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Common Causes of Data Breaches

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Data breaches are a common occurrence across a wide range of industries. Countless organisations have been caught out, particularly in recent years, leading to the exposure of highly sensitive personal information.

There are many potential causes of data breaches, some of which are much more straightforward than many people initially assume. While cybercriminals are certainly capable of conducting sophisticated attacks, common causes of data breaches often centre around basic human error.

In this article, we cover the following common questions people often have around the common causes of data breaches:

While we hope you will find this article helpful, we are also very happy to answer any questions you have directly. To speak to a member of our team about data breaches and their potential causes , you can fill in our secure online claim form or give us a call on 0330 041 5135.

What is a data breach?

To summarise, a data breach refers to any incident where personal data is accessed, viewed or shared by an unauthorised party. As mentioned above, this could be due to criminal activity, or an avoidable mistake by an organisation or individual working within an organisation.

Organisations have an obligation to handle data in a secure manner. Failing to do so could mean that any individuals who have been affected by the breach will be in a position to make a claim for compensation.

What are the most common causes of data breaches?

There are various different types of data breaches, with common causes including:

  • Lost or stolen devices
  • Backdoor vulnerabilities
  • Phishing
  • Malware and ransomware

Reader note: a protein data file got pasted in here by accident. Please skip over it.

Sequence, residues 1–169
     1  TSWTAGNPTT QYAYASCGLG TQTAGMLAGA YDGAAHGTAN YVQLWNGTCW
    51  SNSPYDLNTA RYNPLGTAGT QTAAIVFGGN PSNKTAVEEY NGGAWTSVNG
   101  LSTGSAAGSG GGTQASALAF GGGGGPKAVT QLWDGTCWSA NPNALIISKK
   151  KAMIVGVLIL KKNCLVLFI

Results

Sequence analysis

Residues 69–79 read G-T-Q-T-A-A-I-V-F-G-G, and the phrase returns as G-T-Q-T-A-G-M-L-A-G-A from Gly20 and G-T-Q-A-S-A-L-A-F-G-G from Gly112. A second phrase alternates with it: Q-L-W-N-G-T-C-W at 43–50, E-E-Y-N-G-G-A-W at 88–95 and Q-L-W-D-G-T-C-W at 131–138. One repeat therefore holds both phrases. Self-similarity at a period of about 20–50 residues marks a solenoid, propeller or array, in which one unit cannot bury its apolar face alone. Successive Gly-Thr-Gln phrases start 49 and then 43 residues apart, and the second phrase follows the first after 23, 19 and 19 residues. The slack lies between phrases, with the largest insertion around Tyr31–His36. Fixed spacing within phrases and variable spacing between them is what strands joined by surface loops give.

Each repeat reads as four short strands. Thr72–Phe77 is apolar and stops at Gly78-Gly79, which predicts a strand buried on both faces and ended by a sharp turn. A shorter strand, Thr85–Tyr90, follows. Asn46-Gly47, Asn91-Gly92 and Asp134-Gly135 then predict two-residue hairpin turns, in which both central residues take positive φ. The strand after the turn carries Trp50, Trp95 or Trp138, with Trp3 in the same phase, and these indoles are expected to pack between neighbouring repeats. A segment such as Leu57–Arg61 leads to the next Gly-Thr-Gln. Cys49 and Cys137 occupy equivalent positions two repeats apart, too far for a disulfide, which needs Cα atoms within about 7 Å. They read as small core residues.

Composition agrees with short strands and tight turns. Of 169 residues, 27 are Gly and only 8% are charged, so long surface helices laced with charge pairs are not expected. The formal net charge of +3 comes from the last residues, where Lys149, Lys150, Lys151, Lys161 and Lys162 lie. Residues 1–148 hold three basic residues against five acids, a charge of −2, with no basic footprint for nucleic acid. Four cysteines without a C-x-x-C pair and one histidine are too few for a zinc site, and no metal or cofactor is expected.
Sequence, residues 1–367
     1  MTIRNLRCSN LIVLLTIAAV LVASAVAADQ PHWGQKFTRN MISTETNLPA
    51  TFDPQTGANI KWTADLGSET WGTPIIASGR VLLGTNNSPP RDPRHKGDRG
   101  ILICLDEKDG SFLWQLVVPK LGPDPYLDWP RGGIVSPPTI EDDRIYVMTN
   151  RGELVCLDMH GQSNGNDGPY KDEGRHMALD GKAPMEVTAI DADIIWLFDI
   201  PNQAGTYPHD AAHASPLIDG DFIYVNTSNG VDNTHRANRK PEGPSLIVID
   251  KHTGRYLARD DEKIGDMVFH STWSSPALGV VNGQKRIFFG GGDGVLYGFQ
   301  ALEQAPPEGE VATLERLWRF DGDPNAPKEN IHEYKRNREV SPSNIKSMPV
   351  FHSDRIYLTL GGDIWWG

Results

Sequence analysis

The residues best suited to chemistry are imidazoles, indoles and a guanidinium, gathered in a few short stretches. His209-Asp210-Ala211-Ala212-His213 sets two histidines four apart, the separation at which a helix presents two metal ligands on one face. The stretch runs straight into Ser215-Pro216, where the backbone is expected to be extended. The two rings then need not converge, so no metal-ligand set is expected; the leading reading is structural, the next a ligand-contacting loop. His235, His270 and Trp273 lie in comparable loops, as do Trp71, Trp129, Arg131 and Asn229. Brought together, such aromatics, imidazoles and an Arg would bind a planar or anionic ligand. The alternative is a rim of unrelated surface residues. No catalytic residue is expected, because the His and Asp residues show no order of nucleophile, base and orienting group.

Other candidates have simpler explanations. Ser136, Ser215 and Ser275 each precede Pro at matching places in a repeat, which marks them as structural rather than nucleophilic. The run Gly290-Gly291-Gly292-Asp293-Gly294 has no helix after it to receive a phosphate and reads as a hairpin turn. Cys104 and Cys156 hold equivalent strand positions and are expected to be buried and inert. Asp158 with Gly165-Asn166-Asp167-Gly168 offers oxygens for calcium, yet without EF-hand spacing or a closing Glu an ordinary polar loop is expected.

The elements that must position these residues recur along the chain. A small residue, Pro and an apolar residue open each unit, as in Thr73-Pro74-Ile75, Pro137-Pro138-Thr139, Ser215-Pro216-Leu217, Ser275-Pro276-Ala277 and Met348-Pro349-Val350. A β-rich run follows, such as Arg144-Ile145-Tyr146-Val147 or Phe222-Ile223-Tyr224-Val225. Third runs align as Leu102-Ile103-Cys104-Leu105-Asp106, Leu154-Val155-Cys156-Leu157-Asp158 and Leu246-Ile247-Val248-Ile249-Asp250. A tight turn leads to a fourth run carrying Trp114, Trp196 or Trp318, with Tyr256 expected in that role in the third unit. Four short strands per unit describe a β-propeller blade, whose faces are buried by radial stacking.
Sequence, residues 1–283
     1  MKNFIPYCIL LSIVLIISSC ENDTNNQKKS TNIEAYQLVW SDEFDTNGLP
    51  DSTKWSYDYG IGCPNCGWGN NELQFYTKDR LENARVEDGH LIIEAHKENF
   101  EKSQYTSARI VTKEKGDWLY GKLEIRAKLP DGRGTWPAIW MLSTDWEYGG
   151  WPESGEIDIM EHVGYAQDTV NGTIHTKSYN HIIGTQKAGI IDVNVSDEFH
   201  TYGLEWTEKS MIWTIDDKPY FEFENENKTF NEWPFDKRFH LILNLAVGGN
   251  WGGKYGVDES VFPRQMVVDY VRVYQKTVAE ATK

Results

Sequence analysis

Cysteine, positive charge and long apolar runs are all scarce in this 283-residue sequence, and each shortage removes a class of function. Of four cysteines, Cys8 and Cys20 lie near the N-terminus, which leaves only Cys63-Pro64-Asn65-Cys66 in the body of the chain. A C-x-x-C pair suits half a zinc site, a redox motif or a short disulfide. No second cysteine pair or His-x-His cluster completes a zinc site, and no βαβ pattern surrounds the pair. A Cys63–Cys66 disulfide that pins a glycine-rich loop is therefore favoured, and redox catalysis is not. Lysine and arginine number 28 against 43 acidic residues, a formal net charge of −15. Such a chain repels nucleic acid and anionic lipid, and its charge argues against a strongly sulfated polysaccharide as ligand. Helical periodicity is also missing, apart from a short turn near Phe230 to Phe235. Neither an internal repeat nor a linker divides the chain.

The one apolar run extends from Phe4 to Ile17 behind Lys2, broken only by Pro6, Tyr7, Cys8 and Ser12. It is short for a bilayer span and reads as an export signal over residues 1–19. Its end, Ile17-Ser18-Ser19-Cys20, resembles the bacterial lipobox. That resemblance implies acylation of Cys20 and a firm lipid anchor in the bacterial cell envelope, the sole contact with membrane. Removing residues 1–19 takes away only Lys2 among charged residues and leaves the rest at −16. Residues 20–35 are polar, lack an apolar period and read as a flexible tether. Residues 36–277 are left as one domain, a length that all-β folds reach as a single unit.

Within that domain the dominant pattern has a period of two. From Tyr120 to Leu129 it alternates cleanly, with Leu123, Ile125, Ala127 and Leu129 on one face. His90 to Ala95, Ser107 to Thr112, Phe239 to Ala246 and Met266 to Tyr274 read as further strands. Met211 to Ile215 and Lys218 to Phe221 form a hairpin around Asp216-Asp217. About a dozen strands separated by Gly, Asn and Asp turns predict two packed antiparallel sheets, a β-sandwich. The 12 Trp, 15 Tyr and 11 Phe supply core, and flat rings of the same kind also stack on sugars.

• Unencrypted data
  • Distributed denial of service (DDoS)
  • User error

Lost or stolen devices

A breach of data security can easily take place where a device that contains sensitive information is lost or stolen. A mistake as simple as leaving a laptop or working mobile on a train can have major consequences, especially if that device can be easily accessed.

Backdoor vulnerabilities

Certain pieces of software or applications can be easily exploited by anyone with the right skills. These backdoor vulnerabilities can provide an easy route through to highly sensitive data for cybercriminals.


Phishing is a common tactic used to extra sensitive data. Criminals use information they already have access to (potentially from a previous data breach) in an attempt to access even further data that could be more valuable to them. For example, someone carrying out a phishing scam could pose themselves as a legitimate business and send a link to a false website where any credentials entered can be stolen.

Malware or ransomware

Malicious software (malware) can be designed to harm or exploit any type of programmable device. Once uploaded, cybercriminals can use it to extra data which they can then use to leverage over their victims, usually for financial gain. Where they hold a business to ‘ransom’ over this data, the term ransomware is used.

Unencrypted data

If data is unencrypted, cybercriminals may be able to intercept and access said data. It’s important that organisations enable end-to-end encryption to help keep data secure if it is ever to fall into the wrong hands.

Distributed denial of service (DDoS)

DDoS attacks can be carried out to create a diversion that security administrators are forced to deal with. While this is ongoing, cybercriminals use the distraction in an attempt to access sensitive data.

Human error